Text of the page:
Rep Pract Oncol Radiother, 2006; 11(2): 91-95 Review Paper Received: 2005.07.18 Accepted: 2006.01.24 Published: 2006.04.28 Isoeffect calculations based on linear quadratic equations for head and neck cancers Authors’ Contribution: A Study Design B Data Collection C Statistical Analysis D Data Interpretation E Manuscript Preparation F Literature Search G Funds Collection S. Manimaran1 ABCDEF, V. Ramasubramanian1 BCDE, K. Thayalan2 CDEF 1 2 Department of Physics, Vellore Institute of Technology – Deemed University, Vellore, India Department of Radiotherapy, Bernard Institute of Radiology & Oncology. Govt. General Hospital, Madras Medical College, Chennai, India Summary Background The linear quadratic model has led to various methods for the calculation of isoeffect relationships in radiotherapy. In this model, the tissue sensitive parameters a and b usually appear as a ratio, a/b. These parameters are used to describe the response of normal tissues to radiation insult. Different radiation induced biological end points in speciﬁc tissues and organs are associated with the characteristics of the a/b ratio. The linear quadratic model has been used clinically to address questions relating to changes in fractions in treatment schedules. Aim The process of treating cancer with ionizing radiation is complex and subject to dosimetric errors which may potentially result in early or late complications. Our objective was to correct such errors through the application of the incomplete repair linear quadratic model. Materials/Methods Repair mechanisms are affected if, owing to dosimetric error, excess dose is delivered in single or multiple fractions. Corrections for such errors were simulated, for different clinical situations, in order to avoid late ﬁbrosis in head and neck cancers. Results NSD, CRE, and TDF approach could not predict, onset of proliferation, overall treatment time, late and early complications, but linear quadratic model calculations predicts isoeffective schedules successfully with above parameters. Conclusions In head and neck cancers, a number of parameters inﬂuence the results of treatment. Isoeffect calculations show the risk factors responsible for ﬁbrosis and spinal cord damage and therefore may be used to calculate dose reductions for all remaining fractions, rather than applying shielding. Key words Full-text PDF: Word count: Tables: Figures: References: Author’s address: LQ-linear quadratic model • biological effective dose • ﬁbrosis • head and neck cancers http:/www.rpor.pl/pdf.php?MAN=8817 1761 1 — 16 S. Manimaran, Lecturer, Department of Physics, Vellore Institute of Technology, Deemed University Vellore, Tamil Nadu – 632 014, India, e-mail: [email protected] 91 Review Paper Rep Pract Oncol Radiother, 2006; 11(2): 91-95 BACKGROUND The linear quadratic model has led to various methods for the calculation of isoeffect relationships in radiotherapy. In this model, the tissue sensitive parameters a and b usually appear as a ratio, a/b. These parameters are used to describe the response of normal tissues to radiation insult. Different radiation induced biological end points in speciﬁc tissues and organs are associated with the characteristics of the a/b ratio. The linear quadratic model has been used clinically to address questions relating to changes in fractions in treatment schedules. The linear quadratic model can be used to calculate the biologically effective dose, which makes two schedules equivalent to a particular biological end point. When multiple fractions are given each day, the repair processes arising from one radiation dose may not be complete as the half time for repair is relatively long, in comparison to the time interval between fractions. Incomplete repair tends to reduce the isoeffective dose and corrections must be made for the consequent loss of tolerance. In this article, isoeffect calculations are made based on the BED concept. AIM [] E d =D 1+ a a b (2) = Extrapolated Response Dose (ERD) where S – surviving fraction, a – coefﬁcient of linear term (which determines the initial slope of the survival curve(Gy–1), b – coefﬁcient of quadratic term (which determines the shape of the shoulder of the survival curve (Gy–2), D – total dose delivered (Gy). In order to account for the loss of dose due to repopulation, Orton [3] introduced a correction to ERD, termed the BED equation as follows, BED = D [1+d/(a/b)] – K(T–To) (3) Where K is the dose required per day to counteract proliferation, T is the overall treatment time and To is the onset time for proliferation. BED is a measure of the effect [4] of a course of fractionated or continuous irradiation and has units of dose, usually expressed in grays. The aim of this present study is to calculate Biological Effective Dose in order to predict late ﬁbrosis in head and neck cancers, taking into account re-population corrections for normal cell proliferation in different clinical situations. The TE formulation is conceptually similar and has also been used in published literature [5]. In this case, we divide E by b rather than a to get. INTRODUCTION The units of Total Effect are gray2, making the results less convenient than BED. The linear quadratic model describes a wide range of fractionation schedules that are iso-effective [1]. To apply this method we must ﬁrst have a particular desired end point. The validity of the linear quadratic approach to fractionation depends principally on its ability to predict isoeffective schedules successfully [2]. There is an implicit assumption, that the isoeffect, has a direct relationship with a certain level of cell survival. Generally, the fraction of surviving cells associated with an isoeffect is unknown and it is customary to work in terms tissue effect levels, which we denote as E. Effect (E) = -logeS = D(a +bd) (1) Dividing both sides of this equation by a, we obtain 92 Total Effect = E/b=D(a/b+d) (4) But note the simple conversion of Total Effect which is the product of a/b and BED (5). MATERIALS AND METHODS When multiple fractions per day are used [6], the repair of damage caused by one radiation dose may not be complete before the next fraction is given, especially if the half time for repair T1/2 is long in relation to the time interval between fractions [7]. Incomplete repair tends to reduce the isoeffective dose and corrections must be made for the consequent loss of tolerance. This can be executed by the use of an incomplete repair model [8,9]. The amount of un-repaired damage is expressed by the function Hm which is dependent upon the number of equally spaced fractions (m). To represent the time interval between fractions, Rep Pract Oncol Radiother, 2006; 11(2): 91-95 Manimaran S et al – Isoeffect calculations… for the purpose of isoeffect calculations, an extra term is added to the basic BED formula [9]. Table 1. LQ variables. Variable For fractionated radiotherapy BED = D [1+d/(a/b)+Hm.d/(a/b)] (6) where d – dose per fraction, D – total dose. As the dose rate is reduced below the range used in external beam radiotherapy, the duration of irradiation becomes longer, and the induction of damage is counteracted by repair, leading to an increase in the isoeffective dose [10]. The BED formula for continuous irradiation incorporates the factor (g) to allow for incomplete repair [11]. (7) where D is the total dose = dose rate X time. Consider the situation when fraction size is changed without changing the overall duration of treatment time [12]. The formula required to calculate the biological effective dose is: (8) where D = total dose in n fractions of size d. Assuming the conditions for a change of fraction size in BED calculations: a) select a value for a/b for a speciﬁc tissue value, b) select the reference tolerance dose Dref, c) select a fraction size for the reference treatment (dref), d) calculate for the reference treatment: BED ref = Dref [1+ dref/(a/b)], e) for the new fraction dose, d, calculate the total dose. D = BEDref/[1+d/(a/b)] 3–3.5Gy [17] K 0.78Gy [21] To 28 days [19] (10) For the new fractional dose, d2, the, remaining total dose is given by: D2 = PE2/[1+ d2/(a/b)] (11) The same procedure can be adopted for more than two fraction sizes during treatment [11]. BED values were evaluated using equation [5] for the following values of LQ model variables [3] (Table 1). RESULTS Change of fraction size during treatment BED = D [1+ d/(a/b)] – K(T–To) α/β PE2 = BEDref-PE1 For continuous low dose rate radiotherapy BED = D [1+ D.g/(a/b)] Value (9) For the ﬁrst part of the treatment, calculate the partial BED value (PE1) from d1 and D1. The partial tolerance remaining for the second part of the treatment is: A number of clinical reports and clinical reviews have shown a signiﬁcant relationship between overall treatment time and Hendry normal tissue complication rate [13]. In order to reduce late complications, when doses in radiotherapy are changed by mistake, it is generally considered as an over dosage. In such cases. corrections must be made to alter the dose without changing the over all treatment time. The following are some example calculations, which illustrate the application of linear quadratic equations for Head and Neck Cancer. Example calculations Example 1 The planned treatment was for 70Gy in 35 fractions but, owing to dosimetric error, the ﬁrst 6 fractions were given as 4Gy/fraction, rather than 2Gy/fraction. The accumulated dose is thus 24Gy in 6 fraction (OTT – 47days). Treatment will be continued using 2Gy/fraction Question: How many fractions of 2Gy should be given in order to maintain an equal probability of late ﬁbrosis? 93 Review Paper Rep Pract Oncol Radiother, 2006; 11(2): 91-95 Assumptions; a/b = 3.5Gy Orton [3]. Solution: 1. BED = 70×(1+2/3.5) –0.76(47–28) = 95.56 Gy 2. PE1 = 24×(1+4/3.5) = 51.4Gy PE for ﬁrst 6 fr 3. PE2 = BED-PE1 = 44.16 D2 at 2Gy/fr 4. D2 = 44.16/1.57 = 28.12Gy for 2Gy/fr 28.12/2 = 14 fractions Example 2 Planned treatment was for 50Gy in 25 fractions but, owing to dosimetric error, 6 fractions were given at a dose rate of 3Gy/fr instead of 2Gy/fr Question: How many fractions of 2Gy should be given in order to maintain an equal probability of late ﬁbrosis? 1. BED = 50×(1+2/3.5) –0.76(33–28) = 74.77Gy 2. PE1 = 18×(1=3/3.5) = 33.43Gy 3. PE2 = BED-PE1 = 41.34Gy 4. PE2 = D×(1+2/3.5) = 41.34Gy 5. D2 = 41.34/1.57 =26.33Gy For 2Gy/fr 26.33/2 = 13 fractions 5. D = 112.01/1.57 = 71Gy in 2 Gy/fr. Note: Owing to the smaller volumes and different dose distributions for interstitial irradiation, the calculated BED may be too high for an external beam irradiation. It is therefore recommended to reduce the dose for all fractions. Example 4 The planned treatment is 4 fractions of 5Gy (2fr/week). After the ﬁrst fraction, by mistake, a further single dose of 12Gy was given. Question: How much dose has been given for the 3 remaining fractions? a =3Gy b for late complications [14]. 1. BED =20× 1+ 5 = 53.3Gy 3 ( ) 2. PE1 = BED =12× 1+12 = 60Gy 3 ( ) 3. PE2 BED =20× 1+ 5 = 60–53.3=6.7Gy 3 ( ) Example 3 Cancer of the oral tongue, stage T2 (3.5cm). The planned treatment is in two parts: I. External beam 50Gy in 25 fr followed by II. Interstitial implant delivering 30Gy in 3 days. Question: If the total treatment were to be given in 2Gy/fr what would be the total biologically equivalent dose for late ﬁbrosis? Assumptions: a/b=3.5Gy 4. PE2 =D2× 1+ D2 ×3 = 60–53.3=6.7Gy 3 ( 6.7 ) = D2+(D2)2/9 0.111(D2)2+D2–6.7 According to the quadratic equation = D=–b+Öb2–4ac 2a a=0.111; b=1; c=–6.7 D2=4Gy d2=3Gy T1/2 =1.0hr Spinal cord tolerance calculations: g.factor (3day) =0.04 1. PE1 =50×(1+2/3.5) – 0.76(37–28) = 71.73Gy External beam 2. PE 2 =30×(1+(30×0.04/3.5) = 40.28Gy Brachytherapy 3. BED = 71.73+40.28 = 112.01Gy 4. BED D× 1+ 2 = 112.01Gy 3.5 ( 94 ) a =2Gy b – for spinal cord damage [15] BEDreference = 50 1+ 2 = 100 2 ( ) BEDplanned = 20 1+ 5 = 70 2 ( ) Rep Pract Oncol Radiother, 2006; 11(2): 91-95 BEDplanned = 0.7 BEDreference Spinal cord tolerance below 30% 100 = Dmax =1+5 2 = 100/3.5=28.52=28Gy A maximum of 5Gy should be given in the remaining 3 fractions. DISCUSSION Deviations from the predictions of the incomplete repair LQ model have become apparent under more extreme conditions, such as reduced spinal cord tolerance in the CHART regime (3 fr/day continuous over 12 days). Most of the deviations that have so far been observed from the LQ model may have arisen from the incorrect choice of two basic parameters a/b and T1/2. The results of these calculations must only be taken as a guide to clinical practice. The linear quadratic approach to fractionation overcomes some of the deﬁciencies of the NSD and TDF concepts [16]. The validity of the equations is limited to more or less standard conditions. Deviations from the predictions of the incomplete-repair linear quadratic model have become apparent under more extreme conditions. As experience grows, applications for this method of calculation will become more evident. CONCLUSIONS Using these calculations only as a guide, the linear quadratic approach to fractionation overcomes some of the potential deﬁciencies of the TDF approach, but cannot be claimed to be universally correct. In reality it would be surprising if such simple equations satisfactorily described all the possible effects of changing dose prescriptions in radiotherapy. Neither the TDF nor the LQ based approach may be put in to clinical use directly without ﬁrst cross checking retrospective clinical data. The solutions obtained through these calculations should be considered as rough estimates only. When no clinical experience is available, upon which to base a decision, it may be necessary to resort to such a mathematical model. Manimaran S et al – Isoeffect calculations… REFERENCES: 1. Thames HD, Withers HR, Peters LJ, Fletcher GH: Changes in early and late radiation responses with altered dose fraction: implications for dose – survival relationships. Int J Radiat Oncl Biol Phy, 1982; 8: 219–26 2. Barendsen GW: Dose fractionation, dose rate and iso-effect relation for normal tissue responses. Int J Radiat Oncol Biol Phys, 1982; 8: 1981–97 3. Orton CG: Recent developments in time – dose modeling. Aus Phy Eng Med, 1991; 14(2): 57–64 4. Flower JF: The linear quadratic formula and progress in fractionated radiotherapy. Br J Radiol, 1989; 62: 679–94 5. Jones B, Dale RG: The reduction in tumor control with increasing over all time mathematical considerations. Br J Radiol, 1996; 69: 830–8 6. Wilthers HR, Thames HD, Peters LJ: A new isoeffect curve for change in dose per fraction. Radiother Oncol, 1983; 1: 187–91 7. Dale RG, Fowler JF, Jones B: A new incomplete – repair model based on a reciprocal time pattern of sublethal damage repair, Acta Oncol, 1999: 38: 919–29 8. Thames HD, Henry JH: Fractionation in radiotherapy. London: Taylor and Francis, 1987: 148–63 9. Nilsson P, Thames HD, Joiner MC: A generalized formulation of the incomplete repair model for cell survival and tissue response to fractionated low dose rate irradiation, Int J Radiat Onc Biol Phy, 1990; 57: 127–42 10. Flower JF: How worth while are short schedules in radiotherapy? A series of exploratory calculations. Radiother Oncol, 1990; 19: 165–81 11. Joiner MC: The linear – quadratic approach to fractionation. In: Steel GG, ed. Basic clinical radiobiology. London: Edward Arnold, 1993; 55–64 12. Barendsen GW: Dose fractionation, dose rate, and isoeffect relationships for normal tissue responses. Int J Radiat Oncol Biol Phys, 1981; 8: 1981–97 13. Bentzen SM, Hendry JH: Variability in the radio sensitivity of normal tissues. Int J Radiat Oncol Biol Phys, 1993; 64(4): 393–405 14. Wong CS, Dyk JV, Hill RP: Myelopathy and hyper fractionated accelerated radiotherapy: a radiobiological interpretations. Recent Results in Cancer Research, 1993: 36: 44–9 15. Jones B, Tan LT, Dale RG: Derivation of the optimum dose per fraction from the linear quadratic model. Br J Radiol, 1995; 68: 894–902 16. Bates TD, Peters LJ: Danger of the clinical use of the NSD formula for small fraction numbers. Br J Radiol, 1975; 48; 773 95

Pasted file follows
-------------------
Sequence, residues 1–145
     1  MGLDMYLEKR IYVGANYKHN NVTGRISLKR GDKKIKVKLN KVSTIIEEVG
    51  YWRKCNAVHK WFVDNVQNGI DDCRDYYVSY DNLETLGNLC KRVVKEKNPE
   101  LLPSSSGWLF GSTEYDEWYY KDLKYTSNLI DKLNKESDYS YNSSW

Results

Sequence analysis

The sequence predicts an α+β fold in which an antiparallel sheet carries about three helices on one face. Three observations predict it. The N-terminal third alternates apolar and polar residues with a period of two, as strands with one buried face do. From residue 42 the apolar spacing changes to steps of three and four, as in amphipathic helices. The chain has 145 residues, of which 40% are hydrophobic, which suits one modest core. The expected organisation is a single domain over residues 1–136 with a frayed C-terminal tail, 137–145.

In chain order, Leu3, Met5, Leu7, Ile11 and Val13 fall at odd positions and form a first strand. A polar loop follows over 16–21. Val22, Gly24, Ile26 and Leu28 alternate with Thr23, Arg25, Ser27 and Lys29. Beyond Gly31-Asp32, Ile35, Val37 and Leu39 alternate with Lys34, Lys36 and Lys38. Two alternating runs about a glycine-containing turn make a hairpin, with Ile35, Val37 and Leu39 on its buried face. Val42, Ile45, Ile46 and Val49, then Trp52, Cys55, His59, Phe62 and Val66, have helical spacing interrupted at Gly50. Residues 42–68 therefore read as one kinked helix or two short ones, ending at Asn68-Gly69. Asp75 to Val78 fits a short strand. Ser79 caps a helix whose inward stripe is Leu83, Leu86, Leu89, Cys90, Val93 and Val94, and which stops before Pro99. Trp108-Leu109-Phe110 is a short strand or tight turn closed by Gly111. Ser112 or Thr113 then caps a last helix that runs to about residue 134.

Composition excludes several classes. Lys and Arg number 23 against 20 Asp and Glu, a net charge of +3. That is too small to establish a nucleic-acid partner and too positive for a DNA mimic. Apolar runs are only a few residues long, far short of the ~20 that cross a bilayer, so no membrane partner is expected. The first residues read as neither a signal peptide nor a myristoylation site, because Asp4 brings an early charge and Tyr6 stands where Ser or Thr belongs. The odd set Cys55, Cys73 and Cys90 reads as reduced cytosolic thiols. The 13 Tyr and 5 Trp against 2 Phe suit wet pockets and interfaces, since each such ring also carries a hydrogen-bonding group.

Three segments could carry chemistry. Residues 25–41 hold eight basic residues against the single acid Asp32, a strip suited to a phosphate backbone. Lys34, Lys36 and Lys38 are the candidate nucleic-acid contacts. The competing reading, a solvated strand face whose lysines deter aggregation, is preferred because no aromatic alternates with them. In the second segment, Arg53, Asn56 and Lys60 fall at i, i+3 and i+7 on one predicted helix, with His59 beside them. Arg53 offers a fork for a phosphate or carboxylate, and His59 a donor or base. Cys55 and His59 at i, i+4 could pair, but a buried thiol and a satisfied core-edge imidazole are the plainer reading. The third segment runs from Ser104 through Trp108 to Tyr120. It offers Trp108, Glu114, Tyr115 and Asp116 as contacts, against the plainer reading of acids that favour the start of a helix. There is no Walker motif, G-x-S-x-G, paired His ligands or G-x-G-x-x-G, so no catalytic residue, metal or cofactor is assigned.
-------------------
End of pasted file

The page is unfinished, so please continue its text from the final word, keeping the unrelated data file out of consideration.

© Copyright 2016 ExploreDoc